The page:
Sep 3, 2013, 12:36 AM EDT
If David Moyes wasn’t so respected, people would be talking about his team’s last two performances. After 11 years at Goodison, though, Moyes had earned most people’s benefit of the doubt. Others may have been assuaged by his role as Alex Ferguson’s hand-picked successor. Regardless, Moyes had enough cachet to defuse debate. Only a handful of people wondered aloud whether Ferguson would have found a way to get full points last Monday or if Manchester United would have been held at arm’s length at Anfield were Ferguson still coaching.
But United’s first three games, as a whole, have been underwhelming, particularly considering only Paul Scholes is absent from the squad that won last year’s Premier League. The opening night victory at Swansea was impressive in totality, questionable in parts, but followup performances against Chelsea and Liverpool were uninspiring. If it wasn’t for what now seems like a honeymoon period, people would be openly debating whether the conservative tendencies that served Moyes so well at Everton have already cost him points at Manchester United.
It’s not exactly a fireable offense. Far from it. Throughout the corse of a season, most managers make decisions that cost their teams points. The best eventually make up for it with their good calls. Regardless, we discuss those performances, particularly when the manager in questions is running the most famous club in England. And while there have been some critiques of Moyes’s first three games, they’ve been meek. If he hasn’t gotten an outright pass, he’s at least received the benefit of the doubt.
That’s the context for Monday’s debacle. Given how disappointed Manchester United fans will be, it’s difficult to see that benefit of the doubt lasting, even if Ed Woodward (United’s executive vice chairman) deserves some of the blame. In the face of the Ander Herrera embarrassment, the inability to get Fabio Coentrao’s paperwork sorted out, having to pay over Marouane Fellaini‘s original buyout, as well as the failed fixations on Cesc Fábregas and Leighton Baines, United’s transfer window reads like a list of failures neophyte management would make at their first clubs. It’s certainly not the type window fans are used to.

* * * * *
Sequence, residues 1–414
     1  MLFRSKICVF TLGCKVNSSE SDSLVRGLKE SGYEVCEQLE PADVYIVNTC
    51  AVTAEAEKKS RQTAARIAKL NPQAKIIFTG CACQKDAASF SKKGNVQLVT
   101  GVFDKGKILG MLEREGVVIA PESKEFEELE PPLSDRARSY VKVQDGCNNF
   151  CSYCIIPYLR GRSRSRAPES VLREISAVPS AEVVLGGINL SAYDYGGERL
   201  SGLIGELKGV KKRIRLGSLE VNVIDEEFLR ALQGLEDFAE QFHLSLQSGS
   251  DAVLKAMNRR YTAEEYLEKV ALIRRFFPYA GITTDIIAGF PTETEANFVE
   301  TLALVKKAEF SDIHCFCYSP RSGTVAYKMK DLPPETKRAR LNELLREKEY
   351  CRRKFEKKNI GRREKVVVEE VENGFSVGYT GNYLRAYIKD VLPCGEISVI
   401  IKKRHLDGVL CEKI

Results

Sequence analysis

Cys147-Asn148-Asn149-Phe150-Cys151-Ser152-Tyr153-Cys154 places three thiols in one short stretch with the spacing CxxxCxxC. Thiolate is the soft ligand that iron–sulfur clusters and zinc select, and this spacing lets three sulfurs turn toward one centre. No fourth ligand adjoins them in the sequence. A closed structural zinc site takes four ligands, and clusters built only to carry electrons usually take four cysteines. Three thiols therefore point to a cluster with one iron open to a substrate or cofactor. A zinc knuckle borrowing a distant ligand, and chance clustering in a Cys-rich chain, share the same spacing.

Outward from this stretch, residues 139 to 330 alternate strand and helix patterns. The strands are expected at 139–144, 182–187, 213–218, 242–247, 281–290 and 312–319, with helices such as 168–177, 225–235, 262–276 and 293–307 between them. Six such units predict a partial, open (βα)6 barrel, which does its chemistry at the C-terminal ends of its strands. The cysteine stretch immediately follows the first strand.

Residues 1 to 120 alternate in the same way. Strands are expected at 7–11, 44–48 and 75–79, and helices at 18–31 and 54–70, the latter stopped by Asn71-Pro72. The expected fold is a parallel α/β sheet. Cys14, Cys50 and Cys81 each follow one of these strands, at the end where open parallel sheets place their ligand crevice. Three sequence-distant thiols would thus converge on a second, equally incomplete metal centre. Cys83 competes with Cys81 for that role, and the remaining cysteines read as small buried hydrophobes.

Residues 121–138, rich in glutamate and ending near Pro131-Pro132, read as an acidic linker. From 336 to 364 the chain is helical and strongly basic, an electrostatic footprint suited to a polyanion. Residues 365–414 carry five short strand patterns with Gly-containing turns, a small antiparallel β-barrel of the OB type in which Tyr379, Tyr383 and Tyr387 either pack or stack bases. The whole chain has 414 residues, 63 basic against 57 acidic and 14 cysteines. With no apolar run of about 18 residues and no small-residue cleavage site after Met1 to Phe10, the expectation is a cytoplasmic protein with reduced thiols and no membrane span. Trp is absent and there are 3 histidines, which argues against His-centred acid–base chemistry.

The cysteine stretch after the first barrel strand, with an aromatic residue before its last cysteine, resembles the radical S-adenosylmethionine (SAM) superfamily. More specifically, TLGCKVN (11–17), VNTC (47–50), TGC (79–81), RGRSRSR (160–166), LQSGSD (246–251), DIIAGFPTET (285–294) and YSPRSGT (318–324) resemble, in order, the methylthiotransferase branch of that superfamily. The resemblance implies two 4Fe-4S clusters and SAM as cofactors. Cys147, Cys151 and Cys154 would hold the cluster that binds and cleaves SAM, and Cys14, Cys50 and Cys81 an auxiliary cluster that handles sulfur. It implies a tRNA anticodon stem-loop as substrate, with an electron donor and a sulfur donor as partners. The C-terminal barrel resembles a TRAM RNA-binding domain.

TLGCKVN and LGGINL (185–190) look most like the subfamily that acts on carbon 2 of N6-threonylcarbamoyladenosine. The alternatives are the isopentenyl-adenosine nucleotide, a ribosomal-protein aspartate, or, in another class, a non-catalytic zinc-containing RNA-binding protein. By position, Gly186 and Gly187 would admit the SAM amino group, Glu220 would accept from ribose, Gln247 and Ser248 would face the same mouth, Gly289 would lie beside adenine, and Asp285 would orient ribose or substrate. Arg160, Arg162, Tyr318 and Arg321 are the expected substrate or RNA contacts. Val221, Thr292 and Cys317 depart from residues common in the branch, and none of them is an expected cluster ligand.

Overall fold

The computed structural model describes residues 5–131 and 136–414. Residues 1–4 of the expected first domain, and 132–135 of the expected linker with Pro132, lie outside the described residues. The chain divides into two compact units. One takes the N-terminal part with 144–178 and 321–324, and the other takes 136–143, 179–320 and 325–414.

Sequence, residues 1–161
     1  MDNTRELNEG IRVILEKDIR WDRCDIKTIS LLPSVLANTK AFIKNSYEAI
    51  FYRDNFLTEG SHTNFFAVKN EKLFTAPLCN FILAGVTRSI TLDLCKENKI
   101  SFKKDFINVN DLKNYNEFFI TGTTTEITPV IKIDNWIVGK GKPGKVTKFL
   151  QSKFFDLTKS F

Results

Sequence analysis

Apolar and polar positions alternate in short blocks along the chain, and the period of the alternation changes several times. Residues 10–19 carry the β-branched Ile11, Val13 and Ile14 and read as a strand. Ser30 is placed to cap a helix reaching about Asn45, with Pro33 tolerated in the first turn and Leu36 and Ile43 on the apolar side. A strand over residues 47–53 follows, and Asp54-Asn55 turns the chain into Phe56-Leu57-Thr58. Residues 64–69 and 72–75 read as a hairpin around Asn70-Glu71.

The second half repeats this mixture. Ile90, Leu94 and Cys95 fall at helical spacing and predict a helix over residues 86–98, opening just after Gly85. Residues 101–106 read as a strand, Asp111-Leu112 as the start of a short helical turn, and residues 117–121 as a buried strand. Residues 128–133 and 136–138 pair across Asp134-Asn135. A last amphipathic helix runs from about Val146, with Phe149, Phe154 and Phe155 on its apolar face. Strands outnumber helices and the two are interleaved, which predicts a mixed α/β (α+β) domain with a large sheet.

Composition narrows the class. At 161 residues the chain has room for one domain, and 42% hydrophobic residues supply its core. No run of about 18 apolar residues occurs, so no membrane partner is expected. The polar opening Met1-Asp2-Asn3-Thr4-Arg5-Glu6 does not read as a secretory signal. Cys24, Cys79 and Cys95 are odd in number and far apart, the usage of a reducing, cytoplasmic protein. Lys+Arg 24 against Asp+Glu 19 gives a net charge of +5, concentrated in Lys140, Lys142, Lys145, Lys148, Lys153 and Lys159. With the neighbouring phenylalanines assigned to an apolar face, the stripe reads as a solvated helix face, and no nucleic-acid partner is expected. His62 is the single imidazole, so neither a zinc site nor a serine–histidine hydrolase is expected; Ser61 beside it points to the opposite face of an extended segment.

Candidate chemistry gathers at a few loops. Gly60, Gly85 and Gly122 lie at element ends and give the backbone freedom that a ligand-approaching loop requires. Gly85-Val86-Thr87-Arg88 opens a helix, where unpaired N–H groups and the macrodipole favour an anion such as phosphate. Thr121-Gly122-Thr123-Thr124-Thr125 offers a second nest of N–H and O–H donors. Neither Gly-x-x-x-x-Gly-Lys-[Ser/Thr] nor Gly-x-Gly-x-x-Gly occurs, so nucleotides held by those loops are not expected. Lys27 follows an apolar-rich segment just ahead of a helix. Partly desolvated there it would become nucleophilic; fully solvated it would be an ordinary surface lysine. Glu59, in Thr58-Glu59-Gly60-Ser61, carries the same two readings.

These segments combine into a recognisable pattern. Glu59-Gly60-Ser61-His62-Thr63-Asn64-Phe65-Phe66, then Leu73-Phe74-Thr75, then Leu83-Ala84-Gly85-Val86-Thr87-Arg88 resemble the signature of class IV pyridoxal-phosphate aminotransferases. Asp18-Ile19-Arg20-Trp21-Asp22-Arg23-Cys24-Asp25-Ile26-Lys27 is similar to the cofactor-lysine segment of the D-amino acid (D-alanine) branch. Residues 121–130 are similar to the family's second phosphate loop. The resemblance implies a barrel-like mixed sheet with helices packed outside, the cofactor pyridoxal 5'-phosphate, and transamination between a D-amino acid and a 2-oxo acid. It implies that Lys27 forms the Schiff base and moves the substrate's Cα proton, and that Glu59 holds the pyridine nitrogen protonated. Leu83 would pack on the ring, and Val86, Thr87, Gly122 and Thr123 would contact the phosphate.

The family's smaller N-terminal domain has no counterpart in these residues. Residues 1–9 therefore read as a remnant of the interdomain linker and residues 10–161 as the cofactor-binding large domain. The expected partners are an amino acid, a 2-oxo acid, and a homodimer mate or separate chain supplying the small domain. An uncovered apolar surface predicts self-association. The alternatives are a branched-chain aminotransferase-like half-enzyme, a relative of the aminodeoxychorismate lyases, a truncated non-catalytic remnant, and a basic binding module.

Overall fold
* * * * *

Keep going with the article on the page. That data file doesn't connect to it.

Manchester United, at a minimum, is well-run. They’re usually decisive. They’re usually effective. When they decide to do something, it usually gets done. Question their years without buying a midfielder, wonder why they paid too much for Dimitar Berbatov, or what they’re doing buying players like Bebe. Their judgment wasn’t always impeccable, but under Ferguson and David Gill, they were able to do what they wanted.
Sometimes it was unfair, almost to the point of being ruthless. The price they paid for Robin van Persie was so cheap opposing teams’ fans complained the system was biased. When they sold Cristiano Ronaldo, they got 41.3 percent more than the previous world transfer record – a huge, almost inexplicable leap. They even got under Daniel Levy’s skin in the Berbatov deal, frustrating the Spurs chairman with a last-minute (albeit expensive) swoop. Add in their 13 titles in 21 seasons, and at least within the British Isles, United tends to get what they want.
Now, in their first transfer window without Gill and Ferguson, that’s all changed. Now the club’s negotiating with phantom agents in Spain. They’re getting played by Bill Kenwright. They spend most of the summer drooling over a midfielder who’s only two years into his tenure at his hometown club, and given the chance to get a Portuguese international who wants away from Real Madrid, they’re undone by administrative errors. Though United eventually landed Fellaini, Woodward and Moyes’s first window is destined to be defined by their failures.